Why Tension? Isn’t A Mystery a Puzzle?
A mystery is a story. A good story of any genre needs tension. Tension is what keeps readers reading. Without tension your story can feel episodic with no push for the reader to continue.
What is tension in a story? It’s the state of being stretched tight. In a story, tension applies to a character’s mental and emotional state. In order for readers to feel tension, they must care about the character. When a reader empathizes with the character and the character is confronted with an obstacle, the reader feels the tension.
Escalate the Tension
You create the story by writing scene by scene. Each scene has some type of tension. Build story suspense by increasing the difficulty of the challenges to your protagonist, the sleuth.
Planning your mystery helps with ever-increasing difficult challenges. Start with small ones and build to the final confrontation.
How To Build Tension in Your Mystery
Use a variety of techniques to keep your reader reading by challenging your sleuth in many ways. Don’t forget that the mental and emotional state of your sleuth are the keys to getting your reader involved.
- Character Empathy. For the reader to experience tension as your sleuth is confronted with obstacles, they first have to care about your protagonist. When you introduce your character in the beginning in her everyday world with an action that overcomes a minor obstacle displaying her skills, you are creating empathy. That empathy is how your reader becomes attached to your sleuth.
- Raise the stakes. Each time a character overcomes an obstacle you relieve tension. As the story progresses, organize your stakes for each successive obstacle by making each one more difficult than the last. Start with small challenges and then frustrate your character. Your reader will wonder how he will meet the new challenge. As the challenges become bigger, your reader is more involved.
- Set a time limit. When your sleuth has a certain amount of time to solve the mystery, you raise the stakes. The boss gives him a week to solve the case or he’ll be replaced. She’s leaving for the trip of a lifetime with her fiance in three days. The ship home sets sail in three days.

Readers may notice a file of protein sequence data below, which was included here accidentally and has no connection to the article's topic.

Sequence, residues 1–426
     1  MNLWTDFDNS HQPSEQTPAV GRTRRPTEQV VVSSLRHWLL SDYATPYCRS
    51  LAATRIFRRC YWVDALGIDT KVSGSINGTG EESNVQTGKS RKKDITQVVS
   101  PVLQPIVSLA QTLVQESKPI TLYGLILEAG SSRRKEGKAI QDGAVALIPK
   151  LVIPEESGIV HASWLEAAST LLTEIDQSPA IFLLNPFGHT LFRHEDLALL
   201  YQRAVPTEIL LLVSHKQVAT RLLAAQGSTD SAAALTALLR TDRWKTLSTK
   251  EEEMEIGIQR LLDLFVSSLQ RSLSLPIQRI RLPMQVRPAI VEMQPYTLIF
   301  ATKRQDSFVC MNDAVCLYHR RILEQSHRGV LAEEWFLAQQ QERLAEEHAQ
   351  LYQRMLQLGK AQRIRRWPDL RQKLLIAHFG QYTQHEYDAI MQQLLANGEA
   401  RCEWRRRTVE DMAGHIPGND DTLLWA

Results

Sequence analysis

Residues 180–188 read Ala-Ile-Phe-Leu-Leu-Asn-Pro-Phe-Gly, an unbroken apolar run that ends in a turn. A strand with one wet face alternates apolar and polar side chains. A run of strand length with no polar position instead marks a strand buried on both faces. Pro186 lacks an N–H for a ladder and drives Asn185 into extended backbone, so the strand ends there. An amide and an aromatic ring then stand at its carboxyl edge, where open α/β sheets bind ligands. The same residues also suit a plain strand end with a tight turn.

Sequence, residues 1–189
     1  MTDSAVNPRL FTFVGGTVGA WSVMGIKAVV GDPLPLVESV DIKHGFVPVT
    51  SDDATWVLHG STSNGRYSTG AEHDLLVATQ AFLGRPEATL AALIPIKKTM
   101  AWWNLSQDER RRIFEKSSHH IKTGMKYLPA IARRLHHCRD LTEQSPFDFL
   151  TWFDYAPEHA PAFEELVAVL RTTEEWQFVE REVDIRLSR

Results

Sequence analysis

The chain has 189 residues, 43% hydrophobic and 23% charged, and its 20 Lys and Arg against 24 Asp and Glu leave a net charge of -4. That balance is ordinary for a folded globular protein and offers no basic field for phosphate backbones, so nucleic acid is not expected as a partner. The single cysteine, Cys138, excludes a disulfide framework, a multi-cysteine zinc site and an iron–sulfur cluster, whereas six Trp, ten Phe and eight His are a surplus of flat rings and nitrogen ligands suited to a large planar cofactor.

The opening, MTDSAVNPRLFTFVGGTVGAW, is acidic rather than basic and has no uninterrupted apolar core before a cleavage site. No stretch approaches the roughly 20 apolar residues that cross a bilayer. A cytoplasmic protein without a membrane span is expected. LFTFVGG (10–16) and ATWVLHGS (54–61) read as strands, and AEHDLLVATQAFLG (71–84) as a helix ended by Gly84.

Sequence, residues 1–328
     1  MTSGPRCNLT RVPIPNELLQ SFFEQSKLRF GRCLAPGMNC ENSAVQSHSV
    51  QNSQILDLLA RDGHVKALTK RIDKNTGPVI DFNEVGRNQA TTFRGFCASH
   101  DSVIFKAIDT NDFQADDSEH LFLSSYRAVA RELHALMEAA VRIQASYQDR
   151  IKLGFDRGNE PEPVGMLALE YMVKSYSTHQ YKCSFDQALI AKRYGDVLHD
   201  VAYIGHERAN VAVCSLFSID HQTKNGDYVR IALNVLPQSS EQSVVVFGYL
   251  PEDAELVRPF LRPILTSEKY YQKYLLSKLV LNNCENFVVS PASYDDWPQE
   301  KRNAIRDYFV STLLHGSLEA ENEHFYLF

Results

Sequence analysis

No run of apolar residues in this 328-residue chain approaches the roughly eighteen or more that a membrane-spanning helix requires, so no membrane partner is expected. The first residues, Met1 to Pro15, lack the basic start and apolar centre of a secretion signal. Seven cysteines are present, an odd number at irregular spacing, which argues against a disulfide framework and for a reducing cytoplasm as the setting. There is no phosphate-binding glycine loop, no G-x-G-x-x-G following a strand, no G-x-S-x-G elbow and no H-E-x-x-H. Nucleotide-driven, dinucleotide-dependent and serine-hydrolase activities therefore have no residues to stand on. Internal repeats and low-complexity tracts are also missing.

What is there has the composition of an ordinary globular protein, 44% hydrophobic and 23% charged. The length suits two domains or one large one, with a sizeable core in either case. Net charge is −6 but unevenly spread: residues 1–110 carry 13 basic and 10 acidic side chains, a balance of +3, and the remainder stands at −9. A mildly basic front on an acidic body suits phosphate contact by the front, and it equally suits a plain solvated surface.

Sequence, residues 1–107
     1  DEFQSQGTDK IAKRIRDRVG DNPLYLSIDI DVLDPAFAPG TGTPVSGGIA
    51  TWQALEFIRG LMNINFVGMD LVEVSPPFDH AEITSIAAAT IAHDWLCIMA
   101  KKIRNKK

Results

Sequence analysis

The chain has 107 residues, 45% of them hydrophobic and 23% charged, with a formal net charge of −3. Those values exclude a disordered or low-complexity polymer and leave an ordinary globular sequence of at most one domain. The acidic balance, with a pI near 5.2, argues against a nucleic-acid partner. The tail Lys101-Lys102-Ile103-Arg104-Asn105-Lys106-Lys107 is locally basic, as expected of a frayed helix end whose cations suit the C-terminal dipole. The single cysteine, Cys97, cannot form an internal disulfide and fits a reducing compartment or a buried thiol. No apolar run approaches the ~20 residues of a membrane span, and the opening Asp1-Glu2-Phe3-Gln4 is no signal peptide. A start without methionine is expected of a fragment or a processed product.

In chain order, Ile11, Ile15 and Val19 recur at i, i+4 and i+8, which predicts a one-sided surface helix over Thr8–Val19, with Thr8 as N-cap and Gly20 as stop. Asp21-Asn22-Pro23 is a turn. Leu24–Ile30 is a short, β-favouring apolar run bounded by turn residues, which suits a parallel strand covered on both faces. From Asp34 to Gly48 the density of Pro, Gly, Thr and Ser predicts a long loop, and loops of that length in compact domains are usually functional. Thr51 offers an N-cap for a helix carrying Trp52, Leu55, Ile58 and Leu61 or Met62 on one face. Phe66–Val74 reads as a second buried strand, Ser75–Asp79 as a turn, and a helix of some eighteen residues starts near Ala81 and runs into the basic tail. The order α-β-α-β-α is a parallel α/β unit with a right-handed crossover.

- Uncertainty. Use your sleuth’s fears and shortcomings to create anxiety. With her weakness exposed, your reader feels the challenge. When your sleuth is off-balance you create tension. Because your sleuth is threatened by fear, he may react badly, heightening the tension more. Keep the biggest uncertainties for the end. The biggest weakness. The biggest fear.
- Character conflict. Once your reader is familiar with your main characters, putting those characters at odds raises emotional tension. Emotional tension is vibrant and powerful for readers. Just as powerful as a physical threat.
- Internal conflict. Build tension by placing your sleuth in a moral dilemma. Give her a choice between two bad and conflicting ends. Or save a suspect by defying the law. Once again, your sleuth’s defence mechanisms against these choices can result in worse consequences that build more tension.
Vary your use of tension-building devices. A conflict similar to the one your hero faced before lessens the tension. Think conflict variety.
Aim to escalate the the conflict as you build tension. Otherwise, your mystery will feel episodic with one sequence following another but without raising the stakes.
Pace Your Moments of Tension
In a mystery, the major tension is solving the puzzle of who killed the victim(s). Each additional moment of tension holds reader interest. Pace your tension building moments at major story points. Escalate the stakes along the way. Keep your revelation to the end of the mystery, so your reader guesses along with your sleuth.
You’ll keep your puzzle agreement with your mystery reader and maintain their involvement by telling a great story filled with conflict.